AARP Nebraska testified Tuesday in support of legislation that would close a health care coverage gap affecting tens of thousands of uninsured residents with low incomes.
LB 887, the Wellness in Nebraska Act, would expand Medicaid and provide affordable health coverage to more than 54,000 Nebraskan adults earning up to 138 percent of poverty.
Most Nebraskans in this group are below the federal poverty line - $11,490 for a single person and $15,510 for a couple – but don’t meet Medicaid’s tight eligibility rules. Nor do they qualify for tax credits and cost-sharing in the new health insurance marketplace available to people with incomes between 100 and 400 percent of poverty.
“If your income is low enough, you don’t get any help. It is counter intuitive. It doesn’t make sense to those who find themselves in the coverage gap that they can’t get affordable coverage because their income is too low,” said Mark Intermill, advocacy director for AARP Nebraska. “Quite frankly it doesn’t make sense to me. And we are finding that it doesn’t make sense to a large segment of Nebraskans.”
Because of tax credits and cost-sharing provisions, a 58-year-old non-smoker in Lincoln with an above poverty-level income of $12,000 can buy a marketplace health insurance policy for $1.94 per month with a $250 deductible and a $400 out-of-pocket maximum. But if that same person had a below poverty-level income of $11,000, the lowest premium would be $399.93 per month for a plan with a $4,500 deductible and a $6,350 out-of-pocket maximum.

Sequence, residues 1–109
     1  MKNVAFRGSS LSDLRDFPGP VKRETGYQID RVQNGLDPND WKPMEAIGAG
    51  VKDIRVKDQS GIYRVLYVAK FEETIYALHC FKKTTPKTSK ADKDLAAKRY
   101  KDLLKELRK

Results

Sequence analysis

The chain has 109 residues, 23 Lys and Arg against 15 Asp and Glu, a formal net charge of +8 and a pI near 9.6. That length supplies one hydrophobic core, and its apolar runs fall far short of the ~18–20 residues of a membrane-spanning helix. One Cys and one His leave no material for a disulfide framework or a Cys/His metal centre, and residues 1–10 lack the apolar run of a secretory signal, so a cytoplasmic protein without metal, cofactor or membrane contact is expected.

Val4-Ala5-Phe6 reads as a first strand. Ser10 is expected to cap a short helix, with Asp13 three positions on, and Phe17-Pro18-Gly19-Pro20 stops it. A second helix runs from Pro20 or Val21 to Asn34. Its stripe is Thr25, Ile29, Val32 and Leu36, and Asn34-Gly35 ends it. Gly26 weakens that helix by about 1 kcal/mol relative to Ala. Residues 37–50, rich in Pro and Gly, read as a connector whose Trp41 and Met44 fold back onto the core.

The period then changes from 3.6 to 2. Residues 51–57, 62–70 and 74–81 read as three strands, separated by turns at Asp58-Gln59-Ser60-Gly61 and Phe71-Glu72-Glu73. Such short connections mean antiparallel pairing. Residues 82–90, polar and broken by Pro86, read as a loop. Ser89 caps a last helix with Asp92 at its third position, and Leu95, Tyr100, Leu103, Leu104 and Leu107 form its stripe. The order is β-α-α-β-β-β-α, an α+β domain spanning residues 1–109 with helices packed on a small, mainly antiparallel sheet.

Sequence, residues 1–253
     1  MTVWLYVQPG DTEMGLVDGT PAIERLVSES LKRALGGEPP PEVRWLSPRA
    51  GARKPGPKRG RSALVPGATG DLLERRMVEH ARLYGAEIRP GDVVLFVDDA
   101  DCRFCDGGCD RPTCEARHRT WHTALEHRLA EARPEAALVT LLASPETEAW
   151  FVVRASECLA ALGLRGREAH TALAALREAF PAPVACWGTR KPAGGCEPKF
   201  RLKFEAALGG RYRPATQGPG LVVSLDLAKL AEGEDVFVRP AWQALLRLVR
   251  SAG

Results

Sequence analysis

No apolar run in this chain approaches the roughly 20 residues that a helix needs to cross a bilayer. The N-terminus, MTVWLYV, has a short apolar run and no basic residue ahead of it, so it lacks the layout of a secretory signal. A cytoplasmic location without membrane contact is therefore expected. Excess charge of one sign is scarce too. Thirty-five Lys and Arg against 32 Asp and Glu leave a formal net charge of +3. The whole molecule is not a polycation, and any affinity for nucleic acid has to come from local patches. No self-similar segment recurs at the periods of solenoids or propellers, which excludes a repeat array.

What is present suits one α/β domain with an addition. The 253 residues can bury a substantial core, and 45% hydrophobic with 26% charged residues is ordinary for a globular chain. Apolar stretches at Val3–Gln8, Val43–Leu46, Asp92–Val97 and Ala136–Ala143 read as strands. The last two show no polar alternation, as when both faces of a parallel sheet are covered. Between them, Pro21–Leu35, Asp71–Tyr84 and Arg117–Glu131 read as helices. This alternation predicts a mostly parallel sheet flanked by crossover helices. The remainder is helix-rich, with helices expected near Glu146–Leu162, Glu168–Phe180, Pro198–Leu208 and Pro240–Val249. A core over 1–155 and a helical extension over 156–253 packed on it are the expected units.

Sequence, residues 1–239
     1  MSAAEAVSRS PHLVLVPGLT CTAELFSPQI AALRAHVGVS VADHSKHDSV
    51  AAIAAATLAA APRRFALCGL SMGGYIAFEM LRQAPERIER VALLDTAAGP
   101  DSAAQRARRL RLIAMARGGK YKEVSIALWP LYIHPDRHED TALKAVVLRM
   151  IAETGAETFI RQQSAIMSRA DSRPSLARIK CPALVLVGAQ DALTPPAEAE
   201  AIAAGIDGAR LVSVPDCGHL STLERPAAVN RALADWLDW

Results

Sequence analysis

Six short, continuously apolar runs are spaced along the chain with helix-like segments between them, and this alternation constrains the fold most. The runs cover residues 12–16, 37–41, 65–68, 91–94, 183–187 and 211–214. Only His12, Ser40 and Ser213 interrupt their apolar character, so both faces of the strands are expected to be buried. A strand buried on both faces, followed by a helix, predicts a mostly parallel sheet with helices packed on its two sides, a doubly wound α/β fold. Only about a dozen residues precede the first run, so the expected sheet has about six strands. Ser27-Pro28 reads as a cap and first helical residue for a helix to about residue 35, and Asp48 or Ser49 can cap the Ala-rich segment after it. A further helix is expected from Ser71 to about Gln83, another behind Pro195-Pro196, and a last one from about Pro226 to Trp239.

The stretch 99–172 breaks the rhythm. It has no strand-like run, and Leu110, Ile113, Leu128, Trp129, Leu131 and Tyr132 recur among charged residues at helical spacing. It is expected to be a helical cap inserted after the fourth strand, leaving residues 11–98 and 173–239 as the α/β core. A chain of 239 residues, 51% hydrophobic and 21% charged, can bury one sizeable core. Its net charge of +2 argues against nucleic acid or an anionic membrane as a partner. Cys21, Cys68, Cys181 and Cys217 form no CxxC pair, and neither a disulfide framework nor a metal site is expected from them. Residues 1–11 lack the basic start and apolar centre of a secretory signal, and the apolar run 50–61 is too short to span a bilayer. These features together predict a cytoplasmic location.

Intermill told the Legislature’s Health and Human Services Committee that a strong majority of Nebraskans support action by the state government to reduce the number of people without health insurance coverage.
An AARP survey of 600 Nebraskans age 18 and over in March 2013 showed that 53 percent supported expansion of Medicaid to provide health coverage for at least 54,000 uninsured adult residents. The report also found that 62 percent of Nebraskans who responded said they would support Medicaid expansion if the cost could be covered by eliminating unnecessary government programs.
“I feel confident that there are program costs that can be avoided and revenue realized in an amount sufficient to offset the costs of implementing LB 887,” he said.
To fund Medicaid expansion, the federal government has allocated funds to each state to pay 100 percent of the expansion cost through 2016, gradually dropping to 90 percent by 2020 and beyond.
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